A sex worker on the side, Danielle is alarmed to find that her sugar daddy Max has also showed up to mourn. Along with his wife. And their ever-screaming baby. So has Danielle’s acid-tongued overachiever ex-girlfriend Maya. It’s a lot to take to in for a young woman who already has a lot to figure out; how to stay out of trouble, what exactly her parents mean ordering her to stay out of trouble, exactly whose shiva this is, and more. The audience is left in rapt anticipation of a lot of other shoes that might drop, as Danielle tries to keep everybody happy, (sometimes) resisting the urge to go fucking apeshit and piss off everybody, and barely keeping away the impulse to curl up in a ball and have a little cry.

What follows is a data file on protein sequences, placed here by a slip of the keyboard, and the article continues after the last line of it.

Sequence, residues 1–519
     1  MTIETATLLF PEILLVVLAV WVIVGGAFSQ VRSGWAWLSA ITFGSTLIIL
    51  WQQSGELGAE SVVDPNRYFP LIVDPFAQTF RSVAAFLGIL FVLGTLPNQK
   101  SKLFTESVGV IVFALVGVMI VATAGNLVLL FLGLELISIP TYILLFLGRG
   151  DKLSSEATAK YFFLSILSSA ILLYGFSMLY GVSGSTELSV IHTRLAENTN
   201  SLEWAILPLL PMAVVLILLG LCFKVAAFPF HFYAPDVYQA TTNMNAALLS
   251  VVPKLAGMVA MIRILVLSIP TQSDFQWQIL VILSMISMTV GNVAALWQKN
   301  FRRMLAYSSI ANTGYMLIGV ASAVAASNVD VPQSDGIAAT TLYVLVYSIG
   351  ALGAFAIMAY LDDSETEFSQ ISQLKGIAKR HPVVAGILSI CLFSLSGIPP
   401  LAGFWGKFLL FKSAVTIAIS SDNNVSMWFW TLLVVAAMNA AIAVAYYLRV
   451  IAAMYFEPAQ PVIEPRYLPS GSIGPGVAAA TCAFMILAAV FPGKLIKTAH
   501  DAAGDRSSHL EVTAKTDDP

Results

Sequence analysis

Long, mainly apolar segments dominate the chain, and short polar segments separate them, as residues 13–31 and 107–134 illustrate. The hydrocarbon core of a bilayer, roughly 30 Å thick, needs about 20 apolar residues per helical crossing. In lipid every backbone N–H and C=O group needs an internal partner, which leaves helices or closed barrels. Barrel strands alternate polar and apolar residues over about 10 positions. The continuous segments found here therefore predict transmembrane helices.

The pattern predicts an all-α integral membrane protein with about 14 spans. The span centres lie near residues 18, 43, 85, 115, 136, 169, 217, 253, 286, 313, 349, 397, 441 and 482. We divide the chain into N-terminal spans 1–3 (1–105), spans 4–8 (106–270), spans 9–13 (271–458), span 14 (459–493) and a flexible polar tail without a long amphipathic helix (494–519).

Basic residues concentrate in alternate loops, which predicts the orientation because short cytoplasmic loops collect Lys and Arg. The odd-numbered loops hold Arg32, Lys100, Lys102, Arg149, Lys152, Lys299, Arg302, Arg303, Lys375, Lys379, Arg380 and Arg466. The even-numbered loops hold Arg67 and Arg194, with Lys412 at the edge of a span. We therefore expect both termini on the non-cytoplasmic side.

Seligman does an impressive job of having this hot mess unfold without the filmmaking itself devolving into something similar. It’s a snappy film with a tight focus and a camera that’s often on the move but not distractingly showy. With packed frames and loud voices, the tension ramps up and up, but a delightful supporting cast and the talented Sennott are always on hand to provide release via a great laugh line. Uncut Gems is an obvious comparison, but other than a similarly oppressive air Shiva Baby is very much its own thing, and it’s a thing we’d be all too happy to see more of from its strong cast and crew.
(4 / 5)
Director: Craig Gillespie Starring: Emma Stone, Emma Thompson, Joel Fry, Paul Walter Hauser, Mark Strong Running Time: 134 minutes